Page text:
"Seeing other people’s results. I wanted the variation that the introduction of soda offered. I was still learning to use glaze and this felt like the kiln was on my side! I also enjoyed having more interaction with the firing process. I fired oxidation so I was constantly adjusting to keep the kilns from reducing and adding salt or soda at the end felt like a finale. "
What aspects do you miss and not miss about soda firing?
"I do not miss much... The kilns I had access to were challenging to keep in oxidation and keep even. And the soda would often remove glazing decisions that I made and wanted… The kilns I had access to were quite old and would spald off bits of debris… I do not miss that.
I miss firing the kiln. (pushing the start button is nice, but much less interaction). I miss having a large kiln to fill. I miss the interaction of sharing a large kiln. And I miss wadding pots and group loadings.
I just got a bunch of brick from an old gas kiln. So in a year or two I may be building a new soda kiln!"
What aspects of soda firing do you reference in your current work?
"I have chosen to fire cone 6 electric. This shift to a lower temp happened when I got my own studio. Installing an electric kiln was much easier in a smaller private city space than a gas kiln. And much more affordable. Now I love it!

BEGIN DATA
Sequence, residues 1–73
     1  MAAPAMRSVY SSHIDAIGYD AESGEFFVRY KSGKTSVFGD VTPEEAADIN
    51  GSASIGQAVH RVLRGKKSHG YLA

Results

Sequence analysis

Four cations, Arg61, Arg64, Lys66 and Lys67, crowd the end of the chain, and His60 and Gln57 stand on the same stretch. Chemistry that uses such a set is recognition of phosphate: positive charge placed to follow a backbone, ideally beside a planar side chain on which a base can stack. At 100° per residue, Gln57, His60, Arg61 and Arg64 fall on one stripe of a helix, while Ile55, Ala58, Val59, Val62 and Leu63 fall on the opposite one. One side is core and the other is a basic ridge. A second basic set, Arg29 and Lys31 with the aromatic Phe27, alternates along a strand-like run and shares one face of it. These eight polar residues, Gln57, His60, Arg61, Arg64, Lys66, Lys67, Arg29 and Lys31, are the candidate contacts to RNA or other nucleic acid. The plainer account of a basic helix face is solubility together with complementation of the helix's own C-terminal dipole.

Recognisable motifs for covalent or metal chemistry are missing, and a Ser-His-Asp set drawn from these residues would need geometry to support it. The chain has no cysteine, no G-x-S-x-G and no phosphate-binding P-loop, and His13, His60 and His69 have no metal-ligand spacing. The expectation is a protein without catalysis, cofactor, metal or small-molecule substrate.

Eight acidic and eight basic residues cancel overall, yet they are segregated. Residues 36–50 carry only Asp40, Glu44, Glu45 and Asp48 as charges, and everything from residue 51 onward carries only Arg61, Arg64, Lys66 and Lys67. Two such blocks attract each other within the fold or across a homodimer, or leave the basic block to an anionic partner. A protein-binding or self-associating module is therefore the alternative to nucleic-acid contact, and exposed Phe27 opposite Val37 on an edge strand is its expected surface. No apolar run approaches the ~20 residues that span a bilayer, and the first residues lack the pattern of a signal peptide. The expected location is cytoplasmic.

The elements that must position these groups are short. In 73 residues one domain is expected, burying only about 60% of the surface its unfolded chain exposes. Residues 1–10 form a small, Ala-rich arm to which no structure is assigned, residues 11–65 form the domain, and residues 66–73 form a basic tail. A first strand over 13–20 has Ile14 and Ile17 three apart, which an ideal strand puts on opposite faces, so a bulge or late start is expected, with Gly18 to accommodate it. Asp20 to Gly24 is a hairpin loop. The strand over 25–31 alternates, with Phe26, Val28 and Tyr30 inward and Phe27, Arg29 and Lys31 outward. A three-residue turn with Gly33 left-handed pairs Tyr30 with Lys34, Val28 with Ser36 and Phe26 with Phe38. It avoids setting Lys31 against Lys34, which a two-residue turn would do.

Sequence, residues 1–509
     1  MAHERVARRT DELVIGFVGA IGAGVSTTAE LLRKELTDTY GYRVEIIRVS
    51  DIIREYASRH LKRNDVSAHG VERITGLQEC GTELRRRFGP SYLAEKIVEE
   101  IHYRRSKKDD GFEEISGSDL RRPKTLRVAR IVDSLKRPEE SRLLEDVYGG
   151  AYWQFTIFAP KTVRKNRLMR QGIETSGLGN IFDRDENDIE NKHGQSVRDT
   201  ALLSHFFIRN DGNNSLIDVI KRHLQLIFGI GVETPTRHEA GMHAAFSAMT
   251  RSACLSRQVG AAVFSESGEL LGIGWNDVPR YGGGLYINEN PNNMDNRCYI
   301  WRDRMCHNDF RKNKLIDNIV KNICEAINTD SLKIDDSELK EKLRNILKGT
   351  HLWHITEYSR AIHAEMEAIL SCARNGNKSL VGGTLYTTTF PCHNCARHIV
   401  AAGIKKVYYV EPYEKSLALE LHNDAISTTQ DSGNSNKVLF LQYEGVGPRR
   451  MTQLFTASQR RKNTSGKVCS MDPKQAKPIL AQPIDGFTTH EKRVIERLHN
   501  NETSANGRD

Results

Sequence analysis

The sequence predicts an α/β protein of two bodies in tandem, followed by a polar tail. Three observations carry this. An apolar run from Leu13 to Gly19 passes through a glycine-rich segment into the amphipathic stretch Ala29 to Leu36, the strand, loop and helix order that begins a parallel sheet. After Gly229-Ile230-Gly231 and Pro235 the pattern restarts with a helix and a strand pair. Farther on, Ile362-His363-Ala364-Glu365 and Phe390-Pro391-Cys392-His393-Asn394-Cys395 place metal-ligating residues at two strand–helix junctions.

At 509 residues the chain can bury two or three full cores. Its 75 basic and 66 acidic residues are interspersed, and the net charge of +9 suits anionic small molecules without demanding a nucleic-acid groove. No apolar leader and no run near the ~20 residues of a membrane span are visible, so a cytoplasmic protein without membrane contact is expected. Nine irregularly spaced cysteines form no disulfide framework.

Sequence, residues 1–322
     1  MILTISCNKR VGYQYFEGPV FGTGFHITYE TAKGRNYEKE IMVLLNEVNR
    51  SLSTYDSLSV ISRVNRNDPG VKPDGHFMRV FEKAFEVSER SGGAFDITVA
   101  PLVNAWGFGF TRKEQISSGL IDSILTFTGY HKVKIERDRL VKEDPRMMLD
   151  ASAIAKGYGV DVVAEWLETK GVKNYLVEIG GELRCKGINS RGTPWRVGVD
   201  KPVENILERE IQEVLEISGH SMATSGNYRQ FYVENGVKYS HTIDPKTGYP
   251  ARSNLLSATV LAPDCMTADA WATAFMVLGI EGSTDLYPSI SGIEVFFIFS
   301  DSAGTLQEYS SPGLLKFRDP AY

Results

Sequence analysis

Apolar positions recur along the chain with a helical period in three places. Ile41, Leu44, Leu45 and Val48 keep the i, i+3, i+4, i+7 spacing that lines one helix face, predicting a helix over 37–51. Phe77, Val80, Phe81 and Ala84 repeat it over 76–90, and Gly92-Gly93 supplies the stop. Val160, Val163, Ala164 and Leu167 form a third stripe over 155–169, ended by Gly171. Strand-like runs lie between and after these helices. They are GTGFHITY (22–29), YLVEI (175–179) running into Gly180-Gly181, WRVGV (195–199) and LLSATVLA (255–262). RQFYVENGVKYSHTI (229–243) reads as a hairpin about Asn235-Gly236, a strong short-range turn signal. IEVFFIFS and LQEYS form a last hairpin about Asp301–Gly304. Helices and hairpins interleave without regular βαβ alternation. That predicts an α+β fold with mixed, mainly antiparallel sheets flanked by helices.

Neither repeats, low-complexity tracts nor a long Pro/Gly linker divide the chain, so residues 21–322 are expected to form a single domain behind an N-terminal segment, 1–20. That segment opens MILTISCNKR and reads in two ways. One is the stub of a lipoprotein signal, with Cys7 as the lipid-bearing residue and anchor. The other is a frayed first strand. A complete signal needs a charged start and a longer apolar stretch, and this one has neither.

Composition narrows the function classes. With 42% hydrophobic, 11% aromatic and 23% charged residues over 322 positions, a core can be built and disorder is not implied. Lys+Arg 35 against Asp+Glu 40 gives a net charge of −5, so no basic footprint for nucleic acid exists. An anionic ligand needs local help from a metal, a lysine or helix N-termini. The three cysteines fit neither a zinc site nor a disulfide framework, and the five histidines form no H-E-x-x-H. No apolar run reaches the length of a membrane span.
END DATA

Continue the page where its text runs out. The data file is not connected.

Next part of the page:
I spray layers of glaze to create the variation I enjoy. Initially I sprayed a soda ash solution. Then moved on to a more fluxed out glaze… Like a clear. Now I use lots of different glazes. I spray a whole ware board of pots at a time…" Click here to read more about this process.
Learn more about deb on: Instagram: @debspottery and @ratcitystudios, Youtube and her website.
All Photo credit belongs to Deborah Schwartzkopf
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Hi, I'm Lisa the artist and creator of this content.
Here on my blog I share behind the scenes, events, and activities related to my art.